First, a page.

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Eby’s Actions in ‘Burn It All Down’ Conflict ‘Chilling,’ Says Walia

Attorney general denies influencing the BCCLA board in meetings days before the executive director’s resignation was announced.

Andrew MacLeod 2 Nov

Andrew MacLeod is The Tyee’s Legislative Bureau Chief in Victoria and the author of All Together Healthy (Douglas & McIntyre, 2018). Find him on Twitter or reach him at .

Three months after Harsha Walia’s resignation as head of the British Columbia Civil Liberties Association, concerns and unanswered questions remain about B.C. Attorney General David Eby’s role in her departure.

“I’d like an apology from Eby for getting involved,” said Veronica Martisius, staff counsel on policy for the BCCLA, speaking on her own behalf and not for the organization. “He should have just stayed out of it and left it up to us.”

Eby met twice with BCCLA president David Fai in the days before the association announced it had accepted Walia’s resignation.

Martisius was part of an ad hoc BCCLA committee working on how to respond in the wake of the June 30 “Burn it all down” tweet Walia made on a personal account.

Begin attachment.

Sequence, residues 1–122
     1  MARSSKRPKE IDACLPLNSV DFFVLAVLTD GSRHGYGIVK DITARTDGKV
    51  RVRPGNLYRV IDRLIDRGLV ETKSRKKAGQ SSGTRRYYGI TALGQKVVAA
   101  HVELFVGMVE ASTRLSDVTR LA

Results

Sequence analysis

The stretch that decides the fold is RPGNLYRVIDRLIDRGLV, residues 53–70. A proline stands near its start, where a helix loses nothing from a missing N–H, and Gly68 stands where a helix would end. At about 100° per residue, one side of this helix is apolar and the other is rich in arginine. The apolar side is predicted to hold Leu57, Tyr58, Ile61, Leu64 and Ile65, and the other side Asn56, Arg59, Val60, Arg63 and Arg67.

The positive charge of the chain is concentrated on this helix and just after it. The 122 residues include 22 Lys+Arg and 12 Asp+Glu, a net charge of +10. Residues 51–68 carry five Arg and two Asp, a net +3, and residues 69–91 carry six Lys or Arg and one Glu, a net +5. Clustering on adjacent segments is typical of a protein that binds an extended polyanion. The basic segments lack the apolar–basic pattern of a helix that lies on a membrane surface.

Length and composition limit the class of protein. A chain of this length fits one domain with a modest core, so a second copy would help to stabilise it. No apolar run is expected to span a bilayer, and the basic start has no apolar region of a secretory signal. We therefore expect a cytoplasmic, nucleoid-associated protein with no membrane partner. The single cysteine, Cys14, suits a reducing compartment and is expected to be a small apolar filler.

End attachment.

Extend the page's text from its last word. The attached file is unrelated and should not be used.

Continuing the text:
Walia had been commenting on a news story about the burning of two Catholic churches following the discoveries of unmarked graves on church and government-run residential school grounds.

As an Indigenous person, Martisius said, she understood Walia’s tweet to be a call to dismantle the system rather than a literal call to violence. Martisius is a member of the Six Nations of the Grand River in Brantford, Ontario, and has Kanyen’kehá:ka and European ancestry.

By mid-July, Walia had submitted her resignation as executive director, Martisius said, but some board members were begging her to stay and the ad hoc committee was still doing its work.

While Eby has said he had nothing to do with Walia’s resignation, Martisius said pressure from the attorney general ultimately limited the organization’s options.

Eby’s involvement “drove the process,” she said. “He should have known what he was doing was inappropriate because of the position he was in.... He’s in a massive position of power and influence.”